Apathy: another reminder of how bad the shredder can be. #MSBlog #MSResearch #ClinicSpeak
"Are you apathetic? This is not that uncommon in MS and is associated with cognitive impairment. In general apathy refers to someone with lacks emotion and is indifferent to what is happening in their environment. They lack of interest and enthusiasm for things they enjoyed doing in the past. An apathetic person may appear unconcerned, uninterested and unresponsiveness to novel stimuli. They are detached and dispassionate and simply don't get involved; I suspect that apathetic MSer would not be reading this blog."
"How would you know if you were apathetic? You could ask a partner or close friend. Another option is to download, print and complete the short survey below. The scoring of this scale is not clear-cut and is designed for an older patient group. I will need to look into how well validated it is in MS and get back to you on this."
"Apathy is due to frontal lobe disease and tends to occur in MSers with longstanding disease and a lot of end-organ damage; i.e. a high lesion load and gross brain atrophy. Apathy is seen in many other degenerative conditions and post-head injury and is very difficult to manage. People who are apathetic don't engage with rehabilitation very well. Apathy may be reversible; I have had several patients with relapses who have had reversible frontal lobe symptoms and signs."
"Apathy is particularly difficult for family members to deal with; they interpret it as depression and a change in personality. If apathy is a problem please raise the issue with your medical team so that it can be investigated. I tend to rescan patients who have become apathetic; you can't assume it is due to MS. For example, it could be due a subdural haematoma that i snot that uncommon in MSers, in particular those MSers who fall a lot. Subdurals are probably due to minor head injuries."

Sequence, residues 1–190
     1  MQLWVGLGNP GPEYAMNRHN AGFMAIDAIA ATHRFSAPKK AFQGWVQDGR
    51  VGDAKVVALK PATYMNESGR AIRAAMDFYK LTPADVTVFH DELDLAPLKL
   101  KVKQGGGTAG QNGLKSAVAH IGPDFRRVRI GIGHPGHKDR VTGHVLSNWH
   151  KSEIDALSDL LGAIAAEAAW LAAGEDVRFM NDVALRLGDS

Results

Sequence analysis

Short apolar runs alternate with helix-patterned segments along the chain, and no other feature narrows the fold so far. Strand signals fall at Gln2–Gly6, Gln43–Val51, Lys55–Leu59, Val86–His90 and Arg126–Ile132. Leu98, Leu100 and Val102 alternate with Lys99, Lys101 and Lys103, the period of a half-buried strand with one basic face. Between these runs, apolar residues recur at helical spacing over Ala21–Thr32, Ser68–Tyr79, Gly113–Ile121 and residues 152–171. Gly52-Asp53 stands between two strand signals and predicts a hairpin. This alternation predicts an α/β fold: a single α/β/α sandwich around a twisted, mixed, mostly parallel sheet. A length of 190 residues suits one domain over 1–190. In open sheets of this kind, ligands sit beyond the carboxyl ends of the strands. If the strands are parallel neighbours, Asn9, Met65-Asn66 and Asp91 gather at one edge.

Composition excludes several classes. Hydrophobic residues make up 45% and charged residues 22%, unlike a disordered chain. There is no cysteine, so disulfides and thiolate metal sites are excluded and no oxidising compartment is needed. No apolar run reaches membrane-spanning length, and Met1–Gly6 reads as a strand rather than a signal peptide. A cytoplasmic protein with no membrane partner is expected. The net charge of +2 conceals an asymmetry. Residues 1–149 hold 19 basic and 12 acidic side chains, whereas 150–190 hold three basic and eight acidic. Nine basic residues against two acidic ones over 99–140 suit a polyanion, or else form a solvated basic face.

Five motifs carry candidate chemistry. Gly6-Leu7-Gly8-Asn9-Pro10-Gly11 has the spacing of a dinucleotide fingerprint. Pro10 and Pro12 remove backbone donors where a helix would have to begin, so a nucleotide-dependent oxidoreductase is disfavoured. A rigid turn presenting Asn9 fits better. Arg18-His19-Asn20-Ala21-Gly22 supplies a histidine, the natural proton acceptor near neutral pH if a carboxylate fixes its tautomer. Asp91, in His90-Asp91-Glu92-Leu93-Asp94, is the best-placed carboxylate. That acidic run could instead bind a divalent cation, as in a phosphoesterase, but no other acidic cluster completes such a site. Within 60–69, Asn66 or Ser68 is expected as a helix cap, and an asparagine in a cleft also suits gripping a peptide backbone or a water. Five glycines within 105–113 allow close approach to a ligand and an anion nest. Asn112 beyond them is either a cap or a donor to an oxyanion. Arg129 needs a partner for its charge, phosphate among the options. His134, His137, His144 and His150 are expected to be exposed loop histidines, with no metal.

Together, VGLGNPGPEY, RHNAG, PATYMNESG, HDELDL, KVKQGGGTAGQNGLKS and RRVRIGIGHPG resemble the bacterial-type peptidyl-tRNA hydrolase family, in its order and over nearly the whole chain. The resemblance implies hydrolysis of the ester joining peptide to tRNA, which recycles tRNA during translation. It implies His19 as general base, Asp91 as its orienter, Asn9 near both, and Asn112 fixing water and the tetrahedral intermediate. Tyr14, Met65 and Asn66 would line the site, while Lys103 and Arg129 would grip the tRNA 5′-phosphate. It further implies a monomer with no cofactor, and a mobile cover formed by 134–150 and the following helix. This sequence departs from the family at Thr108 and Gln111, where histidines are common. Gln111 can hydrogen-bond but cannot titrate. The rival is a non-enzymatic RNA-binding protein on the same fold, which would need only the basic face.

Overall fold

BACKGROUND: Apathy is defined as lack of motivation affecting cognitive, emotional, and behavioral domains and is usually assessed by standardized scales, such as the Apathy Evaluation Scale (AES). Recently, apathy has been recognized as a frequent behavioral symptom in multiple sclerosis (MS).
OBJECTIVE: To evaluate applicability and clinical-metric properties of AES in MS and the agreement between patients' and caregivers' evaluation of apathy.
MATERIALS AND METHODS: Seventy non-demented MSers underwent a thorough clinical and neuropsychological assessment, including evaluation of apathy according to established clinical criteria. All MSers also completed the self-report version of AES (AES-S).
RESULTS: AES-S was easy to administer and acceptable, and showed fair internal consistency (Cronbach's alpha, α=0.87). The factorial analysis identified three factors, representing the cognitive dimension (α=0.87), a general aspect of apathy (α=0.84), and the behavioral-emotional aspects (α=0.74), respectively. The factors were significantly correlated with the total AES score (all rrho≥0.73, p<0.001). The total AES score showed fair convergent validity (rrho=0.38) and discriminant validity when compared to Expanded Disability Status Scale (rrho=0.38), Mini Mental State Examination (rrho=-0.17), and Hamilton Depression Rating Scale (rrho=0.37). Receiver-operating characteristic curve analysis demonstrated that a cutoff>35.5 can identify clinically significant apathy with good sensitivity (88%) and specificity (72%); such a cutoff identified apathy in 35.7% of our sample of non-demented MS patients. Total AES score was significantly correlated with reduced global cognitive efficiency and more severe frontal executive dysfunctions.
CONCLUSION: AES-S can be considered as an easy and reliable tool to assess apathy in non-demented MS. The use of AES-S in non-demented MS patients is clinically important since apathy is relatively frequent and is correlated to more severe cognitive dysfunction.